No single Tweet in the history of the Twittersphere has been as potentially catastrophic as Elon Musk’s August 7th stunner, which read “Am considering taking Tesla private at $420. Funding secured”. Now, it’s been reported that those 9 words (and numbers) were the impetus for a criminal probe by the Department of Justice into whether Musk had committed fraud, considering that, if his claims were not substantiated, it could have been a move to artificially drive the Tesla stock price up.
In fact, that’s precisely what happened in the wake of his Tweet. Tesla shares rose 11% on the day, fueling the speculation that a much-needed boost for shareholders was the end goal of the Tweet. But along with the fraud angle, there was immediate speculation that Musk had improperly shared information about Tesla’s financial future in a way that was exclusive to those investors more likely to look to his Twitter feed for such inside information as an advantage. If this was determined to be the case, it would be in violation of the Regulation Fair Disclosure (FD or Reg FD) doctrine.
‘Regulation Fair Disclosure, or FD, requires companies “to distribute material information in a manner reasonably designed to get that information out to the general public broadly and non-exclusively.”’ (MarketWatch)
If it was determined that Twitter was not a reasonable means of disseminating information to all investors – as a press release would be – this could trigger an inquiry by the Securities and Exchange Commission. And it did…more on that later. But, according to the most recent reports, it is fraud, not a violation of Reg FD, that lies at the heart of the DOJ probe into Musk and Tesla. After all, Musk did reverse course on August 24th, stating seemingly out of the blue that Tesla had determined remaining a publicly-traded company was the best course of action – not that many took his claims of privatization all that seriously in the first place.
The genuineness of Musk’s claims that he was ever seriously considering taking Tesla private, and more materially whether he actually had funding in place, is at the center of the probe.
‘A federal rule prohibits [executives of publicly traded companies] from announcing plans to buy or sell securities if they don’t intend to follow-through, don’t have the means to complete the deal or are trying to manipulate the stock price. Another rule bars them from making “any untrue statement of a material fact.”’ (NBC News)
In the wake of Tuesday’s revelation of a criminal probe into the company, Tesla issued a statement acknowledging that it had been contacted by the DOJ, but painted the picture in decidedly rosier terms than most would.
“Last month, following Elon’s announcement that he was considering taking the company private, Tesla received a voluntary request for documents from the DOJ and has been cooperative in responding to it,” the statement reads. “We have not received a subpoena, a request for testimony, or any other formal process. We respect the DOJ’s desire to get information about this and believe that the matter should be quickly resolved as they review the information they have received.” (Forbes)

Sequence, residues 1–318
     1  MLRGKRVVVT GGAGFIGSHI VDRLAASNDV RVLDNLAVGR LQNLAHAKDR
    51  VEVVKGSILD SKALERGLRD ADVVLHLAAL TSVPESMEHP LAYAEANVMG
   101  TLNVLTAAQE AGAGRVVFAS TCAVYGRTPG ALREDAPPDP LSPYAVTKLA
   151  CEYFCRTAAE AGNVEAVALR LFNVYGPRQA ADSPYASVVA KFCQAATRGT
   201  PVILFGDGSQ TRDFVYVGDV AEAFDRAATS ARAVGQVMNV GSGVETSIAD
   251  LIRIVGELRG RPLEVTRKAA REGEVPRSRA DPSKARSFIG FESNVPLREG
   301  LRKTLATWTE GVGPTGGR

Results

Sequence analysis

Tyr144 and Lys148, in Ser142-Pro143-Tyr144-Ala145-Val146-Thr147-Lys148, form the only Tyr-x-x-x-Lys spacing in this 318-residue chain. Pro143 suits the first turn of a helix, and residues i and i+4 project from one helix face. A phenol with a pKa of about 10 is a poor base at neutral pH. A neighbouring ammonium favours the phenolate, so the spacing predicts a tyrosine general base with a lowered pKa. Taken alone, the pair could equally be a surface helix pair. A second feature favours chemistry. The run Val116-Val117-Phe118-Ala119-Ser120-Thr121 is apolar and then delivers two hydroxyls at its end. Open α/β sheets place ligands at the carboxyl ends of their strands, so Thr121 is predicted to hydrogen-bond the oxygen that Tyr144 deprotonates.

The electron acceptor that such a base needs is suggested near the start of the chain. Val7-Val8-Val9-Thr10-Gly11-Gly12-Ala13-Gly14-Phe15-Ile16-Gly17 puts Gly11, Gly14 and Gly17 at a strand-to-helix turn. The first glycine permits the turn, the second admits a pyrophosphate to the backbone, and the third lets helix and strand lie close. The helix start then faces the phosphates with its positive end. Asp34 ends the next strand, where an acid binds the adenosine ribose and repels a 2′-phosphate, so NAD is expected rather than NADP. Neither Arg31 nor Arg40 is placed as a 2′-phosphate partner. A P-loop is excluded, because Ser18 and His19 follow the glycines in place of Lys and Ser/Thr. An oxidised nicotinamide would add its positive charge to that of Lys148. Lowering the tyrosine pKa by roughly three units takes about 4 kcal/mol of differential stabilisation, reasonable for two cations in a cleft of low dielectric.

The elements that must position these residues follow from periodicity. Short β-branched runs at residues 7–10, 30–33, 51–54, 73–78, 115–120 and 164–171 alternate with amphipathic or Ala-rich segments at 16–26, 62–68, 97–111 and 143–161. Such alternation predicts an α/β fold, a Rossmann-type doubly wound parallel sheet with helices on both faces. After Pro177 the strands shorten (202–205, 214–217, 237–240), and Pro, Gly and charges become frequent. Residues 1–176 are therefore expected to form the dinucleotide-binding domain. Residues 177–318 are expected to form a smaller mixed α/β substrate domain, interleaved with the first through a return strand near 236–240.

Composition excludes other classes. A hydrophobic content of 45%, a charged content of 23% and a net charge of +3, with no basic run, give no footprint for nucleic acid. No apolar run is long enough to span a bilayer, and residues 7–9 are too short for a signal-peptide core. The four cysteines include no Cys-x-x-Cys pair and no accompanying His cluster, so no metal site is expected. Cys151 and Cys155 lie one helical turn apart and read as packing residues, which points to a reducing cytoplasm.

Perhaps there is room for optimism that this probe will simply go away. After all, a subpoena that was reportedly served by the SEC on August 15th in connection with the same August 7th “going private” Tweet has apparently been dropped. But, stockholders are neither as confident nor as willing to continue gambling on the celebrity-CEO who has taken to Tweeting impulsively (and potentially criminally), taking tokes on Top-5 podcasts, claiming that humanity is trapped in a Matrix-like existence controlled by a more powerful civilization, calling a diver who participated in the Thailand soccer team rescue a “pedo”, has been accused of Tweeting while on acid, and generally seems to act erratically more often than not.
It turns out those traits aren’t conducive to a rising stock price, though the effect, still, seems far from devastating.
‘Tesla shares on Tuesday closed 3.4% off at $284.96. The shares had been rangebound in recent sessions, and are off 8% this year. That contrasts with gains of 9% and 6% for the S&P 500 index SPX, +0.54% and the Dow Jones Industrial Average DJIA, +0.71%.’ (MarketWatch)
It still appears that there is little, whether it is exploding batteries, an allegedly lethal autopilot mode, six-month repair times, or the exposure of a criminal investigation, which can completely sink Tesla. Somehow, the cult of Musk’s personality remains strong, despite all of the speculation and certain doubt swirling around him and his company.
Whether the investigation amounts to anything remains to be seen. But, at this point, Musk’s believers and detractors have been firmly polarized. Perhaps he is a genius, perhaps he’s mostly bluster yet an expert showman. One thing remains certain: Elon Musk is the most perplexing, polarizing CEO of our modern time, straddling criminal probes and a reputation as an eccentric genius with an enigmatic mix of deft and clumsiness which the world has not seen in quite some time.